A blazer was the first thing I attempted to make when I decided to learn how to sew. For reasons that will be apparent if you look at a photo of the sorry results of my first attempt (http://sewingbrain.blogspot.com/2011/06/why-learning-to-sew-is-good-for-your.html) I decided to take a break from blazers and try something easier while learning more about tailoring. I bought a book with step-by-step instructions, published by Creative Publishing International:
There was a very sensible suggestion early in the book to make the garment in an inexpensive fabric with the same general texture and weight as the fabric one intends to use for the final garment. I'd been using old sheets for that purpose, but this clearly would not do for a jacket. What to do? Even the least expensive woolen and silk fabrics are expensive, so I decided to buy a jacket at my local Goodwill Store. In addition to using the fabric to make a test garment, I could also learn how the thing was constructed by taking it apart.
I bought a silk jacket several sizes larger than I'd need. I reasoned that if the original jacket was on the large side, there would be room for alterations. Here's a "before" photo:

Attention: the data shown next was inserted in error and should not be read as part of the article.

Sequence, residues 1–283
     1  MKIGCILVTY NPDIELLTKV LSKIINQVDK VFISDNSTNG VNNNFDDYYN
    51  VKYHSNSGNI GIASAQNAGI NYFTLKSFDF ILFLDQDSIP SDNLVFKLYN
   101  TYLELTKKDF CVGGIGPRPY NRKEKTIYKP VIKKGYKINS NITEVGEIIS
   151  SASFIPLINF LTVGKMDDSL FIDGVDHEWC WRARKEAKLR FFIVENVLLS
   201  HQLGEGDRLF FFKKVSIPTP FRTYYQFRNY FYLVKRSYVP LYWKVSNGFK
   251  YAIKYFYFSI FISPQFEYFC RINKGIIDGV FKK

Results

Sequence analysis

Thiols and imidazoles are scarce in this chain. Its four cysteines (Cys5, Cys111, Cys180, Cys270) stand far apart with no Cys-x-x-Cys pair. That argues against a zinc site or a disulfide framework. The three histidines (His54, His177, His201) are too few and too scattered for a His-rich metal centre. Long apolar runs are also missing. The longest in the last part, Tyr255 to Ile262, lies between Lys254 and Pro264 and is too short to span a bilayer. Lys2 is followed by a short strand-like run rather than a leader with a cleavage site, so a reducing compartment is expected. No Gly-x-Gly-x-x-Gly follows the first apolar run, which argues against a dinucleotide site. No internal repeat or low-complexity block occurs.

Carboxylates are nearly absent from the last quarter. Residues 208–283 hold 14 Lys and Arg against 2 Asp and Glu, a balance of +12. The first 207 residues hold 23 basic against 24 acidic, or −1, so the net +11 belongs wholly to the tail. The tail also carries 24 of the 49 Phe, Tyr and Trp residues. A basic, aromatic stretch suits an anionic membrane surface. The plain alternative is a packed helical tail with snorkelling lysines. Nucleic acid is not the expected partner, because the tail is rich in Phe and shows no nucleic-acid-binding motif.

So far, I'm still working on taking it apart, but I've already learned something useful -- how to make shoulder pads. See, I have one shoulder that's lower than the other, and both my shoulders slope down, and my hips and thighs are huge compared with my shoulders. Some of the books on fitting advised altering the pattern to accomodate the sloped or uneven shoulders, but I wanted to build my shoulder up, not cut the pattern down. Since one shoulder pad has to be a bit thicker than the other, it makes sense to make the pads myself, which is what I did for the third thing I made, which is a top. I was very pleased with the results. It would have been far more time consuming the figure out how to make shoulder pads through trial & error. What a lucky thing to have found hand constructed shoulder pads in that suit!
Here's the pattern I'm going to use when I rebuild the jacket. It was the only one I could find that has pieces similar enough to the Goodwill jacket to work:
I love all the little compartments inside the jacket. Why don't they put these into women's jackets? I shall have them in mine!